At first, in Britain, these unfounded allegations of anti-Semitism were used primarily by pro-Israel campaigners against anyone who tried to express support for Palestine and Palestinians. Following Corbyn’s election as Labour leader, however, these efforts swiftly focused on him and his party. Unnerved by the success of an anti-Zionist, anti-racist and unapologetically left-wing politician who openly wants to bring down the political order that is the source of their power and privilege, Britain’s political establishment and media swiftly jumped on the bandwagon.
Their sustained campaign to brand Corbyn and his supporters as anti-Semites had a profound effect on the British public in general and Britain’s Jewish community in particular.
A November poll by the Jewish Chronicle showed that 87 percent of British Jews consider Corbyn to be an anti-Semite and 47 percent would “seriously consider” emigrating if he wins on December 12. Some may assume given that such an overwhelming majority of British Jews believe Corbyn to be an anti-Semite, he must be. This, however, is not the case.
As revealed by Greg Philo, Mike Berry, Justin Schlosberg, Antony Lerman and David Miller’s recently published book “Bad News for Labour: Antisemitism, the Party and Public Belief”, between Corbyn’s election in June 2015 and March 2019 there had been 5,497 stories on the subject of Corbyn, anti-Semitism and the Labour Party across Britain’s eight most popular national newspapers. Most of these reports were hostile to the Labour leader.
Moreover, Jewish publications like the Jewish Chronicle, Jewish News and the Jewish Telegraph also repeatedly filled their pages with reports accusing the Jewish leader and the supporters of his party of being anti-Semitic. Furthermore, even the UK’s chief rabbi, Ephraim Mirvis, who is an ardent Zionist, recently wrote an article for The Times in which he criticised Corbyn for the way he dealt with the accusations of anti-Semitism surrounding the party. He heavily implied that British Jews should not vote for the Labour Party.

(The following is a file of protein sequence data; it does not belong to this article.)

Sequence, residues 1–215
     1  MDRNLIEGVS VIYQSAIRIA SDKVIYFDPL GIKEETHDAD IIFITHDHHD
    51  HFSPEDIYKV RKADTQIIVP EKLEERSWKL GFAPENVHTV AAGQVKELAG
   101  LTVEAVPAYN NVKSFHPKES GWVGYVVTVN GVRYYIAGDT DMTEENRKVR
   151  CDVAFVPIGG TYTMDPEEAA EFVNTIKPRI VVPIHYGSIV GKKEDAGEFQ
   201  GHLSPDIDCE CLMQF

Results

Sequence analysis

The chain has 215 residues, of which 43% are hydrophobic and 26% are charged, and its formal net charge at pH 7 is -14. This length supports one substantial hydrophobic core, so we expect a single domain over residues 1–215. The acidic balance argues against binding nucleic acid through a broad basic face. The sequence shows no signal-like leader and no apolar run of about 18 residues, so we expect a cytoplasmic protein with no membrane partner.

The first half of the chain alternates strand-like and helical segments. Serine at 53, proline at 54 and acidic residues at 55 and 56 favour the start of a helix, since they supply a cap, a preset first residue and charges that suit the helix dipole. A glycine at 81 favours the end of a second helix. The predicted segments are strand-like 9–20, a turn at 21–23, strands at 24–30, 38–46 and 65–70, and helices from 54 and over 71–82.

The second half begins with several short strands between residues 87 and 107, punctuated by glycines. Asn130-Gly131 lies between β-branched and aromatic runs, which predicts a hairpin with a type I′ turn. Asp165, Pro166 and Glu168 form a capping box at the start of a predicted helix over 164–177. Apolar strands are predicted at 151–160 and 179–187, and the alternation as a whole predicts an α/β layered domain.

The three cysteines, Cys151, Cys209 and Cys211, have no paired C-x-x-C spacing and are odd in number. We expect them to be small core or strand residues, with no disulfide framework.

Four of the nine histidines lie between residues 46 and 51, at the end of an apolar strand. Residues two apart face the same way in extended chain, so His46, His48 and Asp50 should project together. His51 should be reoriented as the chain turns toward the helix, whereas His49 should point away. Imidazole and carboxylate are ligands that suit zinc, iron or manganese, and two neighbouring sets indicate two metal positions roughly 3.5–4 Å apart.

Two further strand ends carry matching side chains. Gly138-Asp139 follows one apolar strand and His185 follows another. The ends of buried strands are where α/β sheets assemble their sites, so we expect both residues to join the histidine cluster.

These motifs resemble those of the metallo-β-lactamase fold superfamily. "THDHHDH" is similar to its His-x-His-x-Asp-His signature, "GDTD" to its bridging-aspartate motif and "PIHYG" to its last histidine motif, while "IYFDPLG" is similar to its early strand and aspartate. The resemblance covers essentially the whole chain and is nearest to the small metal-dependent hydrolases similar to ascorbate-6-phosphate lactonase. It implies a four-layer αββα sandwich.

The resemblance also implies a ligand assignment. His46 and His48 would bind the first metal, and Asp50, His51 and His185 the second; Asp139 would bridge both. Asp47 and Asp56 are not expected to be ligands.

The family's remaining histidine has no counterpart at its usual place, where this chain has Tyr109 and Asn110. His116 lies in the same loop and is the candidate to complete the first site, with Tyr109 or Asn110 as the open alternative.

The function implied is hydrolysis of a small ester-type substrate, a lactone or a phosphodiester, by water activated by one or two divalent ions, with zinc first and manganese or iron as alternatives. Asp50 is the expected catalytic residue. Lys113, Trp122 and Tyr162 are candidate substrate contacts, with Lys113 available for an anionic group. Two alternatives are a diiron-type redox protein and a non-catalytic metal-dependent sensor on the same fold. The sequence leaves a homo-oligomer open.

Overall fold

There is just one prominent Zionist who has broken ranks and he is the foremost historian of British Jewry, Geoffrey Alderman, professor of politics at Buckingham University. In May, Alderman wrote a devastating critique of the idea that Corbyn is anti-Semitic, in which he listed a whole series of pro-Jewish initiatives the Labour leader had supported throughout his political career.
While the accusations that Corbyn is an anti-Semite have come with no proof, they successfully convinced many British Jews that the Labour Party under his leadership poses a threat to them.
This is exactly what Noam Chomsky called “the manufacturing of consent”. The media, with the help of religious leaders and politicians with ulterior motives, established as fact the myth that Corbyn is anti-Semitic and created an environment in which anyone who challenges this claim is seen as mad, clueless or indeed anti-Semitic themselves. This is an effective method of manipulating public opinion.
It is a repetition of the Salem Witch Trials. Denial of being a witch was held to be proof that you were one! Indeed the only people who were hanged were those who denied being witches.
Corbyn poses no threat to Britain’s Jews. The real threat to British Jewry is coming from the Zionists and right-wing politicians who want to conflate anti-Semitism with anti-Zionism. These attempts to pollute the definition of anti-Semitism are not only trivialising the racism Jews face across the world, but also contributing to the dangerous assumption that all Jews support and therefore are responsible for Israel’s actions
His rivals know that Corbyn’s egalitarian policy proposals could easily resonate with Britons of all races, religions and ethnicities. This is why instead of attacking his ideas and policies, they are attacking him personally. On December 12, we will see if they have been successful.
The views expressed in this article are the author’s own and do not necessarily reflect Al Jazeera’s editorial stance.